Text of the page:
Novas Extends Industry-Standard Debug Platform for Embedded Processor-Based System-on-Chip Designs
Debug Leader Launches nESL Product That Will Provide Advanced Transaction Analysis, SystemC Debug and HW/SW Interface CapabilitiesSAN JOSE, Calif.--(BUSINESS WIRE)--Feb. 28, 2005
--Novas Software, Inc., the leader in debug systems for complex chip designs, made a strong push into the electronic system level (ESL) arena today with the introduction of its new nESL(TM) product. The nESL product provides capabilities geared specifically for the 60 percent of today's system-on-chip (SoC) designs that employ embedded processor-based platforms, as well as for designers using advanced system-level design techniques.
The nESL product is an extension of Novas' core debug platform that together with the Company's flagship Verdi(TM) Automated Debug System provides a unified, layered approach to debug that bridges the RTL and system/software domains. New capabilities include: advanced transaction debug and analysis; SystemC compiler, visualization and tracing tools; and hardware-software debug interfaces. These collectively support the higher abstraction and more diverse modeling requirements of embedded system design and verification, as well as the debug of on-chip communications-related structures such as buses, interfaces and IO components.
"As the use of embedded processors becomes commonplace, innovating new ways to understand the behavior of complex design structures and on-chip communications is absolutely fundamental if engineers are to get their jobs done quickly," said Scott Sandler, president and CEO of Novas. "The introduction of our nESL product is a major step forward for SoC debug, and a logical next move for Novas as we continue to expand our solution space to encompass the full range of evolving requirements from systems to silicon."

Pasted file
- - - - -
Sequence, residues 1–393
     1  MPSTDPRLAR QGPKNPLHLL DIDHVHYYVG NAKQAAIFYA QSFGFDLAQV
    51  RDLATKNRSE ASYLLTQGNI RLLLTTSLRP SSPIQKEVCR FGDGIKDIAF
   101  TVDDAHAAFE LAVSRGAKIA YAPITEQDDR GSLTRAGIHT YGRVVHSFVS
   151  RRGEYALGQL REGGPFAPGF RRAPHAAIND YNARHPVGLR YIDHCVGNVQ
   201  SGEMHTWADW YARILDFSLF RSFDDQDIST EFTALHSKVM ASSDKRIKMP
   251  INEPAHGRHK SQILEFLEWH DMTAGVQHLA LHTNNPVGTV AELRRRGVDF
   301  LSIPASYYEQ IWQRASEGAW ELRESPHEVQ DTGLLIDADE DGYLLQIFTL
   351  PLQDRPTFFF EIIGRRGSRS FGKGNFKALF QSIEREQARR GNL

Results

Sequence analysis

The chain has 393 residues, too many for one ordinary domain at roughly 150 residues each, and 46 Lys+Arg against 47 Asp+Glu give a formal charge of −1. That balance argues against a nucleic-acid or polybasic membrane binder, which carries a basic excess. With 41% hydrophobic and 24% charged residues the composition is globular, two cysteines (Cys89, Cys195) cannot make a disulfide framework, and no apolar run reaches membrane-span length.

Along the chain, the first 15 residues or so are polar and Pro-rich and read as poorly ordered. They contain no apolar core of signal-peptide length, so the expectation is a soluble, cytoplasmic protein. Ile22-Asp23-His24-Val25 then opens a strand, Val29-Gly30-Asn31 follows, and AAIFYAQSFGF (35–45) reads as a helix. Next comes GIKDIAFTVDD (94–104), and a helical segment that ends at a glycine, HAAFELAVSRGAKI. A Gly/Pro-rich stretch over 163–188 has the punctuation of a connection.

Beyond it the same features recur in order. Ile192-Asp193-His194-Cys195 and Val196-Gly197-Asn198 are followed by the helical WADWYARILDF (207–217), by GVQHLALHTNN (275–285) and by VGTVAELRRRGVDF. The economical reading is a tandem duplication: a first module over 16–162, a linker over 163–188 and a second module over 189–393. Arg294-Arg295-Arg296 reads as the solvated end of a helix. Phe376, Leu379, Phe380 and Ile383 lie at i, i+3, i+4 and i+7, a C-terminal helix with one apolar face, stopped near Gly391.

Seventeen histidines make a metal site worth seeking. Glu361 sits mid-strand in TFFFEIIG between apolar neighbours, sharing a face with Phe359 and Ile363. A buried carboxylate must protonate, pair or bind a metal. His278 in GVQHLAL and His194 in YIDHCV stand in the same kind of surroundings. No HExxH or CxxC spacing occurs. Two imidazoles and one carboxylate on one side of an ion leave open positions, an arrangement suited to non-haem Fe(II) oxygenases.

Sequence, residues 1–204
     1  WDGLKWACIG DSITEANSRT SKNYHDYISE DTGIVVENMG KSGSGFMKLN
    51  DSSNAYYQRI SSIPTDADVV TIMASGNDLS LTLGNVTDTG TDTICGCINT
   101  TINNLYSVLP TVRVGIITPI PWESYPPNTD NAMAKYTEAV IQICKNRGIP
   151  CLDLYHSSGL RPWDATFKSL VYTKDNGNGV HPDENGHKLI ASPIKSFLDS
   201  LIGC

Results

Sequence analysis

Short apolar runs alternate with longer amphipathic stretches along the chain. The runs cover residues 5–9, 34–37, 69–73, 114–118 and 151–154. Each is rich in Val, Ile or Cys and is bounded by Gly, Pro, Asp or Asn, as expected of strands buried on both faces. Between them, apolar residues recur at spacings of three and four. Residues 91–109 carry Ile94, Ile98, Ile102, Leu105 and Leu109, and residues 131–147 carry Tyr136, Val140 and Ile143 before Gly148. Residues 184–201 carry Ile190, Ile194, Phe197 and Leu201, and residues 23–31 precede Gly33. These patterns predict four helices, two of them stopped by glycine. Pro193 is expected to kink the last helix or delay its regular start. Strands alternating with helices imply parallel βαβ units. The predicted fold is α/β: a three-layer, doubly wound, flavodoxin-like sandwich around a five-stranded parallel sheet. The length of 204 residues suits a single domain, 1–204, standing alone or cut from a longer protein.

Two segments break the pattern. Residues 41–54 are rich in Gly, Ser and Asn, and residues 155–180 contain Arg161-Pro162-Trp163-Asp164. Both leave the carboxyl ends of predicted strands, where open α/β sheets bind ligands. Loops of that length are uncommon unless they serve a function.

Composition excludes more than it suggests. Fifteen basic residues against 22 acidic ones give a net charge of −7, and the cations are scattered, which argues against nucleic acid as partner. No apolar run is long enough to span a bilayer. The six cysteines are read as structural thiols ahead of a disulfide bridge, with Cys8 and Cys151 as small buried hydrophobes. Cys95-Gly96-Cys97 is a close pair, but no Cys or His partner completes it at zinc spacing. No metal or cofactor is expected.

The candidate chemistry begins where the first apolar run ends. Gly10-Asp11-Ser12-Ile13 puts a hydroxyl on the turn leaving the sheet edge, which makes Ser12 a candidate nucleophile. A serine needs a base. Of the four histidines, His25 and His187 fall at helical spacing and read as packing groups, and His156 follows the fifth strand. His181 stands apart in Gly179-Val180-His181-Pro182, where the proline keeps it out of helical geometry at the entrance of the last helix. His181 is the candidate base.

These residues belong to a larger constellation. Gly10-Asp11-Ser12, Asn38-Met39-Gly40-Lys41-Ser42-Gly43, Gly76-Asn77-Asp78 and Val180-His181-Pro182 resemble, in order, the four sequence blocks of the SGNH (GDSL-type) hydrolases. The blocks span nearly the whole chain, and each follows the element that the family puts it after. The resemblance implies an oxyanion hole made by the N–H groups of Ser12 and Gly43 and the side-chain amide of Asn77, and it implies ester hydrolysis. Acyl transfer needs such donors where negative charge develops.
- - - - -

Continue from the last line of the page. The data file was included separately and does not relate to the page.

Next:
Embedded Systems Debug Platform
The emergence of system-level techniques for both embedded processor designs and advanced verification environments introduces new debug requirements beyond traditional hardware description language (HDL)-related methods. Bus-based communication and embedded processors -- together with accompanying software, the use of C-based modeling and application-specific pre-designed intellectual property -- all add complexity to how a design is debugged by diverse software and hardware teams. These factors are driving the need for an expanded debug platform that enables rapid understanding of the design within its complete verification environment.
The nESL approach tackles this complex process with a single environment that facilitates high-level design methods and provides a common interface for debugging across the entire development flow -- from system modeling and simulation-based verification through to emulation of the complete system. It supports multiple languages, transaction-based models and busses, advanced testbench and assertion code, mixed analog/digital signal analysis, hardware/software interaction around industry standard processors and bus structures, as well as the analysis of specific protocols. It also works with specialized tools including software debuggers and rapid prototyping systems.